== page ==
Pyramid Flare
2013 35mm 5 Minutes Silent Colour 25f/s Vertical Cinema 2.35:1 Edition of 3+2

Pyramid Flare

Among the most mysterious man-made structures ever built, the pyramids still challenge scholars and provoke pseudo-scientific theories. Most architects have abandoned the idea of recreating a pyramid in modern times: first of all, it isn’t efficient as a building, and secondly, any content that might be assigned to it could hardly ever counteract its grandeur and ambition. So one could rightfully ask: Why build one today?
Pyramid Flare is the second in a series of experimental films about modern pyramids all over the globe. It was filmed in Prague and documents a pyramid-shaped building that is now mostly used as musical theatre. Filmed with a 35 mm camera turned on its side, Pyramid Flare is a five-minute exploration of basic cinematic elements – film formats, structure, movement, time. The ‘pyramid series’ plays with these notions, each film takes a different approach to modern pyramid structures, and they all document the pyramid over the course of 24 hours. Structure is one of the keywords of the project, pointing to the mathematical structure of the pyramid and to the filmmaker’s approach to filming it. In Pyramid Flare the camera changes position every 20 minutes to capture the pyramid and the sun hovering above. It slowly circles the building, searching for the angles that keep the pyramid in the centre of the frame. Indeed, this conversation directs the film, leaving the director and his subjective point of view ‘out of the picture’.
Mirna Belina, October 2013

The 5-minute work signed by Lurf leaves behind one of the most memorable traces of the “Vertical Cinema” selection. Being the only experiment that deals with real footage, “Pyramid flare” recreates authenticity through a game of perspectives. For the first time, the vertical screen seems to modify in a radical manner the way we comprehend the context: the centered object becomes a protagonist and the story doesn’t move right-left, but up and down, connecting the ephemeral with the infinite. Due to its vertical axis, the pyramid is repositioned both conceptually-wise and esthetically-wise. “Pyramid Flare” was shot in Prague with a 35 mm camera turned on its side, portraying a building that is now used as a musical theatre. It emphasizes the eschatology of pyramids in modern times, while launching an open invitation toward rethinking the role of ex-architectural fetishes. The frames follow a chronological order, capturing their “character” in different moments from a 24-hours-continuum. The impact of constantly changing light and time brings an almost seismic change to the static protagonist. “Pyramid Flare” functions as well as a puzzle of perspectives: the points of view seem quintessential aspects of perceiving an object. Although the frames don’t surprise human presence, we can feel it beyond every detail surprised in the frame. Even the white plane traces that transgress the sky, seem to resemble a warm, familiar, comfortable artistic habitat. This simple, yet highly well-crafted experiment excites the public into carrying the experiment even further – by framing silhouettes. How would that change our own sensorial perception? How would that transform the philosophy of the ex-horizontal homo valens?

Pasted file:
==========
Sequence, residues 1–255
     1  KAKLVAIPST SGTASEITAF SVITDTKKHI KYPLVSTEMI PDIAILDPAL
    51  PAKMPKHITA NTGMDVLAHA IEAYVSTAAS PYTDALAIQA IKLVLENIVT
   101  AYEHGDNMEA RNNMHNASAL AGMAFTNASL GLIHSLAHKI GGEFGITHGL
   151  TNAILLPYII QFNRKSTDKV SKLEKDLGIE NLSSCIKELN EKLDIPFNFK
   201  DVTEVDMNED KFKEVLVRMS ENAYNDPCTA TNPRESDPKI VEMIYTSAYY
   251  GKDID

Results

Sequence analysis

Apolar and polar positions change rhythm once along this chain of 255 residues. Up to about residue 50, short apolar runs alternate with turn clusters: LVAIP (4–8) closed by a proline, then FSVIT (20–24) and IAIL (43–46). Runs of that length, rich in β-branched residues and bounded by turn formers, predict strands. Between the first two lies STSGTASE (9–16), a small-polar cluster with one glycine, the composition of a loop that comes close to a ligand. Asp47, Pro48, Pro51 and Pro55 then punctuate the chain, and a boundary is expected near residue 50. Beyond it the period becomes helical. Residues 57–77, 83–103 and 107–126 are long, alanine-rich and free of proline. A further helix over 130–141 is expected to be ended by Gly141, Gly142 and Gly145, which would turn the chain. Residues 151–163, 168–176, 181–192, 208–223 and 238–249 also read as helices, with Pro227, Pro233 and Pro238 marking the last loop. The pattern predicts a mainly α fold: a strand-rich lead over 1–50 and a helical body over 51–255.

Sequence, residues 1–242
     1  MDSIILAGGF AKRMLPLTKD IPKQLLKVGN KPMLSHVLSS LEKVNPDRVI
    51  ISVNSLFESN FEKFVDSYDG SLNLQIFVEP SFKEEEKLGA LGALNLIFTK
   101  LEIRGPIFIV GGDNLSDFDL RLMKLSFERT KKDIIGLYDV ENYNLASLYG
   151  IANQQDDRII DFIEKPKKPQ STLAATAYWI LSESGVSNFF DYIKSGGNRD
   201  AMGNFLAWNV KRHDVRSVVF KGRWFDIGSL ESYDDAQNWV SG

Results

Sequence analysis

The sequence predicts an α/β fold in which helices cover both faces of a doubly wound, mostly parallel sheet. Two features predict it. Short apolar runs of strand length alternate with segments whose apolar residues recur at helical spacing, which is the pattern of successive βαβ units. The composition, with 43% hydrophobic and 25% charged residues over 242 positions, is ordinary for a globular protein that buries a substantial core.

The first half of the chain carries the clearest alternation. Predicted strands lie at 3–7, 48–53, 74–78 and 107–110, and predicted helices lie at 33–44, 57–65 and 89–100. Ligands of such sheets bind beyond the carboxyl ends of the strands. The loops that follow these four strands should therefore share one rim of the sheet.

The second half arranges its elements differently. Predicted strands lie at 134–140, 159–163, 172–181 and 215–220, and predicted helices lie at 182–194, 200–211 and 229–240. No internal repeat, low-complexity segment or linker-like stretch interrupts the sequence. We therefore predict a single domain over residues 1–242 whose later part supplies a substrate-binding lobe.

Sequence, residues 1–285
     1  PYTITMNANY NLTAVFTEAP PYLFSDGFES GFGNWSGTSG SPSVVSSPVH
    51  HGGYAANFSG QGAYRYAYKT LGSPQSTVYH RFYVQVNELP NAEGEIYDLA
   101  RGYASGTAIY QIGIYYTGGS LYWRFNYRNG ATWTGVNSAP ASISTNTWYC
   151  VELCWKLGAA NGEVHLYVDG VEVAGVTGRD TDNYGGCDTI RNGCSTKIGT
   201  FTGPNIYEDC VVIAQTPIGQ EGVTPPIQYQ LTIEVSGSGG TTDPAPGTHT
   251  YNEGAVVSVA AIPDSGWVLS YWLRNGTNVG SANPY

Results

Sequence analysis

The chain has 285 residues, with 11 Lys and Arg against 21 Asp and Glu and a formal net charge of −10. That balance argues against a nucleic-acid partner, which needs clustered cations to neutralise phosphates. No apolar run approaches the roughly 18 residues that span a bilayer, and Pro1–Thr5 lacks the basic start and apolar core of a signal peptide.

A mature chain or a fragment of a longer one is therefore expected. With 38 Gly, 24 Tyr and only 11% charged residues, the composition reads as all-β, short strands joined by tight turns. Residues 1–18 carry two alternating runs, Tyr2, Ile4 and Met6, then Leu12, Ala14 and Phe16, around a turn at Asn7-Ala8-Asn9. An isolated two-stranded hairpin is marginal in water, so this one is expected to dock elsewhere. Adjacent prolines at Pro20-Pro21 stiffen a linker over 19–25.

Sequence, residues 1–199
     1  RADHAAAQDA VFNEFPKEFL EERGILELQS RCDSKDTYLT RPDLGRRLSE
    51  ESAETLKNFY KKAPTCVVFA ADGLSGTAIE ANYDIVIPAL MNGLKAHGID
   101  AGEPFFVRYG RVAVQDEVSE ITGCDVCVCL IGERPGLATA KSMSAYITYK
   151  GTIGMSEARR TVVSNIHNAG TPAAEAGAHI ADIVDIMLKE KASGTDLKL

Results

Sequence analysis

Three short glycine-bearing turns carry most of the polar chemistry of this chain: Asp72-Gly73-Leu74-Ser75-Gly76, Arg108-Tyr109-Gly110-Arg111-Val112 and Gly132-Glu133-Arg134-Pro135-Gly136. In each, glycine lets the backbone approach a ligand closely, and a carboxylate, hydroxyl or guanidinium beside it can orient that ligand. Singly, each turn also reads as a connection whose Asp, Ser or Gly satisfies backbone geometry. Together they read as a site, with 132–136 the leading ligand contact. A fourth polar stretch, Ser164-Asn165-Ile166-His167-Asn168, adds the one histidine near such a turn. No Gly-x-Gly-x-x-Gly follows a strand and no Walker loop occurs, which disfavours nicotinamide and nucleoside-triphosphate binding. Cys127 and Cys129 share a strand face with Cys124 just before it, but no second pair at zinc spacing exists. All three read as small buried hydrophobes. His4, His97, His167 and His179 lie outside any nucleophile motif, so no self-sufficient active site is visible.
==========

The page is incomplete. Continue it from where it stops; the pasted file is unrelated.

Ioana Mischie in Storyscapes on January 27th 2014

Johann Lurf was the only filmmaker whose short contained mundane, real-world footage, and the mundanity did not end there. The logline reads, “Pyramid Flare shows us what modern pyramids and vertical screens are all about,” and that is true. Sadly, that is also all there is. The six-minute short is merely a compilation of various shots of a modern pyramid, and nothing more. It feels like an actuality the Lumière brothers would have made on a slow day, except worse.
Pyramid Flare is notable, however, for how it illustrates the innate differences in the form and structure of vertical cinema. Any cinematographer worth his salt knows the rule of thirds, and how that guides composition. All scriptwriters are aware of the importance of an establishing shot, and how the mood of one can make or break the sequence being established. Pyramid Flare frames the pyramid as one would if shooting in a conventional format, and the result as a vertical image is clumsy. The amount of ground and foliage visible is jarring, and the division of space between the earth, the pyramid and the sky is off-putting. The short could serve as a (pre)cautionary tale for cinematographers were this format to catch on.
Laya Maheshwari in on January 28th 2014

...Was material abstraction and a violent sound design a conceptual criteria? If so, the ever great Johann Lurf violated that criteria beautifully with his silent, figurative Pyramid Flare where a 35mm camera circulates around a huge glass pyramid towering over a suburb. The Vertical Cinema programme notes might answer some of the many questions that Lurf’s film leave us with, but let’s leave its mystery for what it is.
Mads Mikkelsen on February 5th 2014 on

Most indicative of the overall immersive effect was the sudden disappointment I felt when Johann Lurf’s Pyramid Flare – the penultimate in the programme – presented real-world imagery (of a modern pyramid building in Prague), which doubled as a rupture in the previously abstract canvas. A silent rupture at that: not surprising for an event produced by the tellingly named Sonic Acts…
Michael Pattison on February 12th 2014 in Sight and Sound

Johann Lurf se escapa de lo abstracto y aprovecha al máximo cada centímetro de ese cinemascope erguido para enlazarlo con la arquitectura.
Fernando Vílchez Rodríguez, 10.02.2014 numerocero

Pyramid Flare